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Is the 2016 Election Really the Most Important Ever?

Is the pitch of campaign rhetoric peaking too early? Candidates always work themselves into a vein-bulging frenzy telling voters this election is the most important ever, but now they’re going further. This election is about more than the future of the country, what we bequeath our children, or even the bedrock principles of our nation. The stakes are much, much higher.

Earlier this month, Hillary Clinton said to the New York Times’s Mark Leibovich, “As I’ve told people, I’m the last thing standing between you and the apocalypse.” Her running mate, Tim Kaine, has been telling voters, “There’s existential values at stake in this race” – that is, pertaining to existence.

Yesterday afternoon Donald Trump told supporters at a rally in Florida, “Our great civilization … has come upon a moment of reckoning…. This is a struggle for the survival of our nation…. This is our moment of reckoning as a society and as a civilization itself.”

If 24 hours are a lifetime in politics, as U.K. Prime Minister Harold Wilson famously said, then the 26 days until the election are an eternity, and the candidates have left themselves nowhere to go. The election is now about the end of the nation, civilization, the world.

But is it really? Superlatives are dangerous in talking about America’s long electoral history, though it seems safe to say this election has inflamed passions more powerfully than any in years, maybe decades. Merely talking about it can endanger friendships and marriages. It’s easy to understand how voters and candidates can feel that literally everything hangs in the balance.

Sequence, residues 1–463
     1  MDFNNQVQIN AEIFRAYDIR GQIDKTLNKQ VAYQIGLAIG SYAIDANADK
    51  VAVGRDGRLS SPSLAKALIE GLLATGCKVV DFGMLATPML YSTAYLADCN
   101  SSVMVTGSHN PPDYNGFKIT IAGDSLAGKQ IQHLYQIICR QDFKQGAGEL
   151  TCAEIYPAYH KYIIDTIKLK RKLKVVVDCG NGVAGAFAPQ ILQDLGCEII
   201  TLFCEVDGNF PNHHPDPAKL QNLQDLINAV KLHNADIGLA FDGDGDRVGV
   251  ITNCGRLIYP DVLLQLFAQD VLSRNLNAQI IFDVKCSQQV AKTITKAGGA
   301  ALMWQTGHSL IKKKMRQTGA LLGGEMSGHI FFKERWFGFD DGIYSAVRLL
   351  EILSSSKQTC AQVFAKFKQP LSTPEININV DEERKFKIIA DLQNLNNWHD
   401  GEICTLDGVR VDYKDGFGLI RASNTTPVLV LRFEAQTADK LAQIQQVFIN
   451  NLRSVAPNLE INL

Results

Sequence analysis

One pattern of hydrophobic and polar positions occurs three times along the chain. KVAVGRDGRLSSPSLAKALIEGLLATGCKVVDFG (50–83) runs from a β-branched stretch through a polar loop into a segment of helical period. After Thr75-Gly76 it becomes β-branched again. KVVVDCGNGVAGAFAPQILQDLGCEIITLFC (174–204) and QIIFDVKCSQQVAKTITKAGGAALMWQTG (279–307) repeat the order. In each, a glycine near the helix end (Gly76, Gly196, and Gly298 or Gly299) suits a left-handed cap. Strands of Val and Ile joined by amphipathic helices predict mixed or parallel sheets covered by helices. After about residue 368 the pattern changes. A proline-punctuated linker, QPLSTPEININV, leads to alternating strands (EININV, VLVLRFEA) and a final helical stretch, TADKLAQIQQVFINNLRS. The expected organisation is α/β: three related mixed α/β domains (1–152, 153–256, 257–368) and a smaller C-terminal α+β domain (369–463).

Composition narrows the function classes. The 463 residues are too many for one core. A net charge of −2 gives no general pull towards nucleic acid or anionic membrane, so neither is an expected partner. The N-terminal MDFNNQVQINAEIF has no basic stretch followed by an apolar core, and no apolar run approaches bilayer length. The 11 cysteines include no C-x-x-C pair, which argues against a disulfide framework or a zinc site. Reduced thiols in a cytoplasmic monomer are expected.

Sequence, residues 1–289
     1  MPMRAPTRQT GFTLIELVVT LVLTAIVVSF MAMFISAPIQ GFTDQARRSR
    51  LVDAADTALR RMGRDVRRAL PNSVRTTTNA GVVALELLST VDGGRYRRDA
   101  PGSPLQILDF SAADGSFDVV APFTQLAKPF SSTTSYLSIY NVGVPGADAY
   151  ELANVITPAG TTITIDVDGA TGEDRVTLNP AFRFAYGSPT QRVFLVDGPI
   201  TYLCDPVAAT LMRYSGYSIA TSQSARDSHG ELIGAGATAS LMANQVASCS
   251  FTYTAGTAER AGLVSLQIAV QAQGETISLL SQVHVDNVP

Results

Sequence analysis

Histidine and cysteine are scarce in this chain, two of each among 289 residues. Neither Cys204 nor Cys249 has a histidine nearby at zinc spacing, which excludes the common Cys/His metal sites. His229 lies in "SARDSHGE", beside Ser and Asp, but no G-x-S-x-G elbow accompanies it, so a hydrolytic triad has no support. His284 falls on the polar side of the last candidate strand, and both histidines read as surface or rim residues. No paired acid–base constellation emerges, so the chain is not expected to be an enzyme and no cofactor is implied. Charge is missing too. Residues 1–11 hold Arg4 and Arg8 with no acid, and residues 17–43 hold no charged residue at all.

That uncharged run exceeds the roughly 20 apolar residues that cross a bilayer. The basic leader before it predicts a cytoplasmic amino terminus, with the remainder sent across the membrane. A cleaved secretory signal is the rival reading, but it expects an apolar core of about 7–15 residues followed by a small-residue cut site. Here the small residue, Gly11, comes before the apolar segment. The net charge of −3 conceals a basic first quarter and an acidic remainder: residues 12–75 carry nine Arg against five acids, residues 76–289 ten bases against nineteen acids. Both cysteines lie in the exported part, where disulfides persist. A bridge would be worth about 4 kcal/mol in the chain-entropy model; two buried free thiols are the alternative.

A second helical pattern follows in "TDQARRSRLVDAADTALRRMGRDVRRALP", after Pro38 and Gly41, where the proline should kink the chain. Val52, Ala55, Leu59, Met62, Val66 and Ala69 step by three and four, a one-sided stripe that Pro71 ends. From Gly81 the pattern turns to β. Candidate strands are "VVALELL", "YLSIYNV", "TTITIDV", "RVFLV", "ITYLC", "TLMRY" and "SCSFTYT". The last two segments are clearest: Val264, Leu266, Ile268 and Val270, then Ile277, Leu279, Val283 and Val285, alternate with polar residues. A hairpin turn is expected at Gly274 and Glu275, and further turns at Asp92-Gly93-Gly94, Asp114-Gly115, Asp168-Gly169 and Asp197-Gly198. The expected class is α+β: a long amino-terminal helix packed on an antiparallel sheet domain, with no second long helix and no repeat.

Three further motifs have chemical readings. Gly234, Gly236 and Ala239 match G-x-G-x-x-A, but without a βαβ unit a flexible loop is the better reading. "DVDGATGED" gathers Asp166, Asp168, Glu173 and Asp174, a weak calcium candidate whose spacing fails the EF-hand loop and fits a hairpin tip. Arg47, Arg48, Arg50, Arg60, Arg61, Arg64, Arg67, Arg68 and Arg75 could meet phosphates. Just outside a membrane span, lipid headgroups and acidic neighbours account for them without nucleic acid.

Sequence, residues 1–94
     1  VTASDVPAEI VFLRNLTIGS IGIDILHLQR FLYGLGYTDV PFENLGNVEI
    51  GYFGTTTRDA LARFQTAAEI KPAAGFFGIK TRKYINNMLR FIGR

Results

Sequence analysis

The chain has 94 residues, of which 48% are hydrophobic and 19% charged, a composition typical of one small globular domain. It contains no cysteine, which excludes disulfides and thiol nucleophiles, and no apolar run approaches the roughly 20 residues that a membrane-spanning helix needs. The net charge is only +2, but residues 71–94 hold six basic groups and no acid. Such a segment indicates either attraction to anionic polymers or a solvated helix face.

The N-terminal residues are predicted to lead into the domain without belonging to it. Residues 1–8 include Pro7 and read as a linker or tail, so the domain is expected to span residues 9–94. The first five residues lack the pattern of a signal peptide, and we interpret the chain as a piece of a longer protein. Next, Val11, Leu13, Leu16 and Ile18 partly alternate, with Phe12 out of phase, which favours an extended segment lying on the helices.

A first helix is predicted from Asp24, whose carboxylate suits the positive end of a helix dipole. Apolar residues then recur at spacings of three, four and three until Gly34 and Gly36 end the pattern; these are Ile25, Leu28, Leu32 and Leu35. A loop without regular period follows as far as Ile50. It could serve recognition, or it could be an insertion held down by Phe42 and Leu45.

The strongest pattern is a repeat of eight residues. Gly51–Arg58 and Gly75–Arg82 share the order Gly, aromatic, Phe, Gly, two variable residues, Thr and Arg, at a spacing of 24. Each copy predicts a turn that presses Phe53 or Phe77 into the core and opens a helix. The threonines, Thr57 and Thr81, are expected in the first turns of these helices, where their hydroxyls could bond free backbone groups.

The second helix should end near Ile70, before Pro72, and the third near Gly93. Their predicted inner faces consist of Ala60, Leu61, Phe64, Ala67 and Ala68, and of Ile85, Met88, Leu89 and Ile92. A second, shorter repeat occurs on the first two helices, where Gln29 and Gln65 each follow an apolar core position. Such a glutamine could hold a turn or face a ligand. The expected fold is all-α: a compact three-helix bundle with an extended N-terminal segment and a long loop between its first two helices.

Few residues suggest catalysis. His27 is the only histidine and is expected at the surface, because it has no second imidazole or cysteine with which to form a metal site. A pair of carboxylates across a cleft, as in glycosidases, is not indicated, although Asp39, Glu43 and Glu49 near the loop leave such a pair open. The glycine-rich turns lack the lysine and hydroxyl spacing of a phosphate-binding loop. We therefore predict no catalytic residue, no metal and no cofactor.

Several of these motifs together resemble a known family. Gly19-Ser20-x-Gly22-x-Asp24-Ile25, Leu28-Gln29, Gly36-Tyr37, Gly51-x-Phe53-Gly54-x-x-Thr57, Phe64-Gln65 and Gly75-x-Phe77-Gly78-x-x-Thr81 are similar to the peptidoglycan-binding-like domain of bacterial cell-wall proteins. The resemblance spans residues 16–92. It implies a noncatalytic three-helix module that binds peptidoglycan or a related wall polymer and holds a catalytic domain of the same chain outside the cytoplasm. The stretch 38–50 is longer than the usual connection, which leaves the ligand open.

So I’ll certainly infuriate partisans on both sides by saying I’m confident that regardless of who wins, America is going to be okay. Not to say it will be the same; obviously the outcome will make a difference. But while the thought may seem inconceivable in the pulsing heat of this moment, the fact is we’ve been through worse threats than Trump or Clinton. The only time we actually faced the apocalypse was in the Cold War. The only time the nation faced an existential threat was in the Civil War. Our institutions and our culture, which are unique in the world, got us through and will do so again.

I’ll skip the long list of problems America faces; you know what they are, and they’re bad. So if your candidate loses, please don’t leave the country, as so many overwrought partisans on both sides are promising to do. Your nation is a great one, and it deserves your help and support. If you’re willing to give it, even a loss on November 8 won’t be the end of the world.

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What We’re Reading Today

Verizon says data breach could stop Yahoo deal
Verizon general counsel Craig Silliman said he believes a clause in the contract allows Lowell McAdam‘s company to walk away from its $4.8-billion purchase of Yahoo because of the hack into 500 million Yahoo accounts. He challenged Marissa Mayer‘s Yahoo to show that the breach didn’t have a material impact. Of course the statement could be posturing as Verizon looks for a price cut. Fortune

Hershey begins its search for a successor 
The Hershey board has begun seeking a successor to CEO John Bilbrey, who has said he hopes to step down by next summer, staying on as non-executive chairman. The action comes just months after Hershey fought off a merger bid from Irene Rosenfeld‘s Mondelez, and as the trust that controls over 80% of Hershey’s voting shares is in upheaval. Reuters